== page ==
Tag Archives: microfiction

1962. Interplanetary Cultural Exchange

(Today is the first of seven stories to celebrate Science Faction Weak).

Some of the more erudite among you may have heard of the literary genre of Science Fiction. If you haven’t – no matter. It is all made up stuff, which is why it is called Fiction. But this story here is Science FACTion. Those who regularly follow this blog know that it pulls no punches, takes no prisoners, and refuses stolidly to enter the airy-fairy world of make-believe.

This then, needless to say, is yet another true story proving once again that FACTion is stranger than FICTion.

Imagine the world-wide excitement when the Earth Government and the Government of our nearest inhabited planet, Loupchian, came to a mutual agreement; a scheme would be set up to allow for the interchange of students between the two planets. It would last about six months in each case. What a tremendous opportunity for artistic understanding! There was hardly a household on Planet Earth that didn’t want a LICK (Loupchian Interplanetary Cadet Kid).

The Loupchiens were a strange evolutionary line. They were like hairless dogs that walked around on two limbs and wore clothes. They were intelligent and showed an extraordinary facility for languages. Research had shown that it was a tiny insignificant event that had shoved the evolution of Homo sapiens in one direction and the Loupchiens into another. In fact, the Loupchian bipedal dog-look-alikes kept house pets that looked remarkably like homo sapiens. Except the homo sapiens pets were naked and dumb.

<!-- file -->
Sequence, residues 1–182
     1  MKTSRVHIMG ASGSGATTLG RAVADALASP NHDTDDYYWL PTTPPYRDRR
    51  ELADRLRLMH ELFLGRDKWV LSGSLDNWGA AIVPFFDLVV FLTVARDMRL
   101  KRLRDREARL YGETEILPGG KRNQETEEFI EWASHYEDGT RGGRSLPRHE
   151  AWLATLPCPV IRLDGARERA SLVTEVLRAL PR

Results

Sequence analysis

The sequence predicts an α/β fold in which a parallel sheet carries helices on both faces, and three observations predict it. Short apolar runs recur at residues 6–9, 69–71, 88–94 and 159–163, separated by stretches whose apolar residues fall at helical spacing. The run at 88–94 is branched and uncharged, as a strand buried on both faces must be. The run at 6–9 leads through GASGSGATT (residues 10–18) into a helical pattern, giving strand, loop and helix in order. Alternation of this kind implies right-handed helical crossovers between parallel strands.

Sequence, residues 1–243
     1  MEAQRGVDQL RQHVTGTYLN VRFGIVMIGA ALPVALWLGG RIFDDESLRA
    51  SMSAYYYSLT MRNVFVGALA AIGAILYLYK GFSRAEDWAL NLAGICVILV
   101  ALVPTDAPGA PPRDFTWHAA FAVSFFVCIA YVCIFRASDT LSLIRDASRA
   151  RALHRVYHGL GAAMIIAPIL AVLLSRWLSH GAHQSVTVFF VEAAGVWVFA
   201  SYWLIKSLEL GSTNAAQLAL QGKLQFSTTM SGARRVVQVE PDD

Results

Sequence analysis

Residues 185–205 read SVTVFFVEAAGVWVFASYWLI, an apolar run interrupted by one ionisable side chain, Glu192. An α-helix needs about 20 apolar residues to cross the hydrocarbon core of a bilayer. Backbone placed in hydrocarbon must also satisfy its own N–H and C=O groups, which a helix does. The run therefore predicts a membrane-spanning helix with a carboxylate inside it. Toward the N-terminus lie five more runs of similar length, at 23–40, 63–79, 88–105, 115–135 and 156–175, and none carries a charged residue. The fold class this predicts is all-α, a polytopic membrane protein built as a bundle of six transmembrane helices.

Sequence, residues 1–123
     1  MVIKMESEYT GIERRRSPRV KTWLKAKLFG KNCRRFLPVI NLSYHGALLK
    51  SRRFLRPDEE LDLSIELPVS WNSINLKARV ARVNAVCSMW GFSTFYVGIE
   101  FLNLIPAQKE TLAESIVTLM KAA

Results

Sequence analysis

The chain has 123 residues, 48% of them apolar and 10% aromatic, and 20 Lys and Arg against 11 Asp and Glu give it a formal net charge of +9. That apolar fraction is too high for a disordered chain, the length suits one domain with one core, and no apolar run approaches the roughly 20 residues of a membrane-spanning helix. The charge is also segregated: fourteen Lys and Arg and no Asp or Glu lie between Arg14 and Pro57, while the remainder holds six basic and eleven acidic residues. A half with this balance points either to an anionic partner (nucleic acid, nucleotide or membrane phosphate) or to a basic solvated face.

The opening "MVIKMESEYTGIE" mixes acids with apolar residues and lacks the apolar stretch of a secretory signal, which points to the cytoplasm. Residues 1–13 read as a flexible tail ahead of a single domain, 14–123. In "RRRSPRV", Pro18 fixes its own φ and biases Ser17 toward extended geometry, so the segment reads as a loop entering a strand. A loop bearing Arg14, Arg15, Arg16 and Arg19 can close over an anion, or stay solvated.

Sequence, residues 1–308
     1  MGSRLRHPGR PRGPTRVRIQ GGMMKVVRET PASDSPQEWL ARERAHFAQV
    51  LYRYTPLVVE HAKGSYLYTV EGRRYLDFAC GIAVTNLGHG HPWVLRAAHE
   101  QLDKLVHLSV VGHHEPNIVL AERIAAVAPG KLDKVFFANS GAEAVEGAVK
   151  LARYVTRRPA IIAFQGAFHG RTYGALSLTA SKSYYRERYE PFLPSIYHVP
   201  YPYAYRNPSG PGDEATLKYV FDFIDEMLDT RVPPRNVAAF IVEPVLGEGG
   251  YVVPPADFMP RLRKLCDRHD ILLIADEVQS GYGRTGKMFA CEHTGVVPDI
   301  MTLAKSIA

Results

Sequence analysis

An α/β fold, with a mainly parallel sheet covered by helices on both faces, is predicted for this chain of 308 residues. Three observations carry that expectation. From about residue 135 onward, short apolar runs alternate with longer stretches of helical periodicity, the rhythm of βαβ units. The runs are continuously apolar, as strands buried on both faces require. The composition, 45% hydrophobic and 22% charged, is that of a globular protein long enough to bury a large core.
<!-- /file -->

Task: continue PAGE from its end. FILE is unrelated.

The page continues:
The exchange program went almost perfectly for a year. Thousands of LICKs were exchanged. Both sides became steeped in one another’s way of doing things. It was described as “a stunning bicultural enrichment”.

There were two things that rankled on Earth however. Those Earthings who returned could not be re-educated to stop bad habits they had picked up on the Loupchian Planet. The human boys would cock their legs to pee, and both sexes went around sniffing each other’s bottoms.

1954. Dismantling the chicken coop

It was to be just an ordinary day for Kendall. It was a Saturday, so it was not a work day. He would take apart an old chicken coop that he had made maybe forty years ago. His daughter’s little bantam with chickens had long gone, as had his daughter now married with a family of her own.

The coop had sat unused in the corner of the garden for years. Occasionally Kendall moved it a few feet this way and that in order to mow the grass which grew long and untidy around it.

Today was the day he would knock it apart. Until he began to dismantle it he didn’t realize just how many nails and staples he had used to hold the pieces of wood together. No wonder he and his wife were always short of money: he’d spent it all on nails!

Getting the wire-netting off was the worst bit. The wire-netting was stiff and the more he released it from the staples the more it swung uncontrollably around. It was almost inevitable that he would scratch his hand or arm. And scratch his hand he did.

It wasn’t exactly a scratch; it was more of a “poke”. A pointed piece of the wire-netting poked into his index finger on his left hand. Ouch! It wasn’t much, and although it bled a little bit (before stopping) Kendall carried on working. A little blood on a dismantled chicken coop was no big deal!

That night his finger began to hurt. By the next morning it had swollen. It was now Sunday and Kendall thought he would wait until Monday to see a doctor. It’s nothing much and the swelling will probably go down of its own accord. The cost of a weekend emergency visit to a doctor was astronomical.